Virtual manufacturing allows engineers to view a computer-simulated version of how the finished machine should operate on the plant floor. Determining the best way to design a machine in the beginning stages of part development can save thousands of dollars. Engineers at DaimlerChrysler believe they can save millions of dollars on new startup by using virtual prototyping.
CAD technologies are used to design and develop many products some to be manufactured, and some the machinery used for manufacturing. Virtual manufacturing, also known as digital factory, brings CAD to the next level, allowing engineers to develop complete interactive manufacturing systems rather than only standalone components. Three primary technologies allow the concept of virtual manufacturing systems to be realistic and affordable: CAD systems, 3D visualization, and operating systems.
The first generation of CAD to plant floor machine control was built on the 2D technology of the late 1970s and early 1980s where the software represented the part in a single plane. The profile of the part in that plane was then converted to an intermediate set of instruction describing the tool path in code that could be interpreted by the machine controller a computerized numerical controller (CNC) for metal cutting. These systems were heavily used in the aerospace industry where the type of product they were making could absorb the high cost of computers and software.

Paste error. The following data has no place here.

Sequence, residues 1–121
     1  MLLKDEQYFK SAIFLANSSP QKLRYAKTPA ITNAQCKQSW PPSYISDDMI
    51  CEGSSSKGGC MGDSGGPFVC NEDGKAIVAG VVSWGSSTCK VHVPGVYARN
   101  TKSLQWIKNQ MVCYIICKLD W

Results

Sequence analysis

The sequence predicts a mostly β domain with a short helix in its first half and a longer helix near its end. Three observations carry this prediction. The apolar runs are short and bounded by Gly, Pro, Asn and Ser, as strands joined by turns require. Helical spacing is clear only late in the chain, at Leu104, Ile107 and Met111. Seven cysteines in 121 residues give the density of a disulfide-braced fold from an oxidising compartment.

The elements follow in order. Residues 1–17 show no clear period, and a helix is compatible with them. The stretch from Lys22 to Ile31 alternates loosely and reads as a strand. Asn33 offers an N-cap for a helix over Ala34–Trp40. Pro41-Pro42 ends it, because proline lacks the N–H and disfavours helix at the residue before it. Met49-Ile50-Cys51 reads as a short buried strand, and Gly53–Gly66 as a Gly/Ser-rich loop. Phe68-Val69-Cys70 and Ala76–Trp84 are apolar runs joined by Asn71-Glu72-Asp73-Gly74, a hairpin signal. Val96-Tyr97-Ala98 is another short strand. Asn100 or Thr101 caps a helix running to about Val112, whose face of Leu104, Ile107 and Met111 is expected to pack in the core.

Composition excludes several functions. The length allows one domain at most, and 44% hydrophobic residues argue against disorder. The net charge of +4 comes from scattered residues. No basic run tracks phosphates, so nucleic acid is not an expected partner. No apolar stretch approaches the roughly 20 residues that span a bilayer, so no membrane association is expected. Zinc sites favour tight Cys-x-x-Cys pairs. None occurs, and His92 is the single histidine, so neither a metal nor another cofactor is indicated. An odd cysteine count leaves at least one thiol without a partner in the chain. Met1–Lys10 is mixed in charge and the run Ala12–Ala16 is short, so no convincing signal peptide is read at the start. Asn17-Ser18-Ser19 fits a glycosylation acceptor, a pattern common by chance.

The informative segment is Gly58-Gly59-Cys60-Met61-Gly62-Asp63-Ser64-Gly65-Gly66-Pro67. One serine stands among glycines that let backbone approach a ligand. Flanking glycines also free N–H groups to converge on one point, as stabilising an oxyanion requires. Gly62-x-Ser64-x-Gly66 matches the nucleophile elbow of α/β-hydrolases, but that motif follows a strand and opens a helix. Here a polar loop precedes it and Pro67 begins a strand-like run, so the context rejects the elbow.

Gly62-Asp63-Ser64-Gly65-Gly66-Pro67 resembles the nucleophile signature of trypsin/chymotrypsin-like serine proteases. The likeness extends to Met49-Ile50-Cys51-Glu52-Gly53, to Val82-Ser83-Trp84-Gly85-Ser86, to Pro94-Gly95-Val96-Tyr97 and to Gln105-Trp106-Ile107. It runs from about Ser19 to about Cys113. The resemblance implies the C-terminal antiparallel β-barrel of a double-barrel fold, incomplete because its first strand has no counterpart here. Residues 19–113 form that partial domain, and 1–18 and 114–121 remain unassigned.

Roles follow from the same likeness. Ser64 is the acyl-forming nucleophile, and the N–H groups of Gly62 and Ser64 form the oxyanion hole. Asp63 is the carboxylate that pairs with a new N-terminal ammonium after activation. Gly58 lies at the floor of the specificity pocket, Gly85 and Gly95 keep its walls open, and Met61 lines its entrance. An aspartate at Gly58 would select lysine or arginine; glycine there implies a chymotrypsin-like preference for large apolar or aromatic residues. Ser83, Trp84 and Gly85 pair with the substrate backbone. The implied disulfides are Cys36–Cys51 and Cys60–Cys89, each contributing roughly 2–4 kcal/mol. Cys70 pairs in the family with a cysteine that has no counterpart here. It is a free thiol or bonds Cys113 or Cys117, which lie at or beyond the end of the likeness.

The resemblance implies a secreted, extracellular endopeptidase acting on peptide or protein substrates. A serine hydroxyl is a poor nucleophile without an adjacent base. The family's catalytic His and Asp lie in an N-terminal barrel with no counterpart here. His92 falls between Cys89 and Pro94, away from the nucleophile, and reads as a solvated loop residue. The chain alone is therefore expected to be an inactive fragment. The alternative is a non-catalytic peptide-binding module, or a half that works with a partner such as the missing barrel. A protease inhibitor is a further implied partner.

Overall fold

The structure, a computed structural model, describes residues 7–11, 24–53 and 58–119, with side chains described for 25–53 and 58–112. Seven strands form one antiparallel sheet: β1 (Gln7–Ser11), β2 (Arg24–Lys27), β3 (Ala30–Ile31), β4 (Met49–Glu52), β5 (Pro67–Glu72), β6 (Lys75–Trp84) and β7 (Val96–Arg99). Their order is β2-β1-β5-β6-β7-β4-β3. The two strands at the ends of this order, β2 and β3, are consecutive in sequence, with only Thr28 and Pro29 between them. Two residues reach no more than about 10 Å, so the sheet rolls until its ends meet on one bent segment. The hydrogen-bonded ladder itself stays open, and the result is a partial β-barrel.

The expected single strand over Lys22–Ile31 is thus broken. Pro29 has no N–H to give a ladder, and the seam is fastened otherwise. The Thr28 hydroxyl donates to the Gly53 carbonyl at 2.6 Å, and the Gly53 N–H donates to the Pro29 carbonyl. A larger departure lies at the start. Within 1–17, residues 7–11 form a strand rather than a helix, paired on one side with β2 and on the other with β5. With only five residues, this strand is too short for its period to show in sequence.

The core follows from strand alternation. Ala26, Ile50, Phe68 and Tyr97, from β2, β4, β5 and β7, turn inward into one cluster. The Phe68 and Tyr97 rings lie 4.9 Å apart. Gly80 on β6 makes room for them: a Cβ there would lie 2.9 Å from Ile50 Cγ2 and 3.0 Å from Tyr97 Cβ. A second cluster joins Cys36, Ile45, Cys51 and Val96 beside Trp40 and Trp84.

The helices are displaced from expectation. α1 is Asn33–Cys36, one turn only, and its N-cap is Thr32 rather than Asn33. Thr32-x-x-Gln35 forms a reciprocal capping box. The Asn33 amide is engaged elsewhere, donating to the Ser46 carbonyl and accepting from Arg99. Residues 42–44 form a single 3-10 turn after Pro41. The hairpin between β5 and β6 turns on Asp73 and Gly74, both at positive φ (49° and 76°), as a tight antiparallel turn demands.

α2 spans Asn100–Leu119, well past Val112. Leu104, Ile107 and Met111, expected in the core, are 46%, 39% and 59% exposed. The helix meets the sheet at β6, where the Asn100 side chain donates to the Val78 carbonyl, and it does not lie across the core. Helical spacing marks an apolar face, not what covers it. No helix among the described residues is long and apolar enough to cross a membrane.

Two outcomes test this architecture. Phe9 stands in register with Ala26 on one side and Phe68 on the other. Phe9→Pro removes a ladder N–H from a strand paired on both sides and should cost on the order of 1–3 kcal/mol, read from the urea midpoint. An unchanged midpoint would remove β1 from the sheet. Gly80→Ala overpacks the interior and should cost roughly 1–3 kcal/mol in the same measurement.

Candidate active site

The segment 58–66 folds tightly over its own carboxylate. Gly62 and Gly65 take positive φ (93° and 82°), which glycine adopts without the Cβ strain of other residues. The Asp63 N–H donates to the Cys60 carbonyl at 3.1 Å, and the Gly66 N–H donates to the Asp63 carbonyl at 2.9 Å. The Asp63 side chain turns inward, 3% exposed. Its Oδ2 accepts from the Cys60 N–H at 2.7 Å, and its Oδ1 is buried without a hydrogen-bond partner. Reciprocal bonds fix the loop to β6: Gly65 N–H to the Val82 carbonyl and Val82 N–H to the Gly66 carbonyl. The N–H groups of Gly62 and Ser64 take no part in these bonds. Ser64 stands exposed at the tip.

3D modeling with simulationaids development
The introduction of 3D solid modeling software, first on big UNIX machines and more recently on desktop PC workstations, has created the capability of designing intricate cavities in olds. Electronic surfaces now have walls and thicknesses that can easily be manipulated as part of a single object. Part geometries can be translated into machining of molds that, when the two halves are mated, can precisely mirror the visualization of the part on the designer’s screen.. Plastic technology now brings everything from lightweight miniature gears to automobile bumpers because of the designer’s ability to visualize a part as a 3D solid model, and the manufacturing engineer’s ability to translate that object into a mold.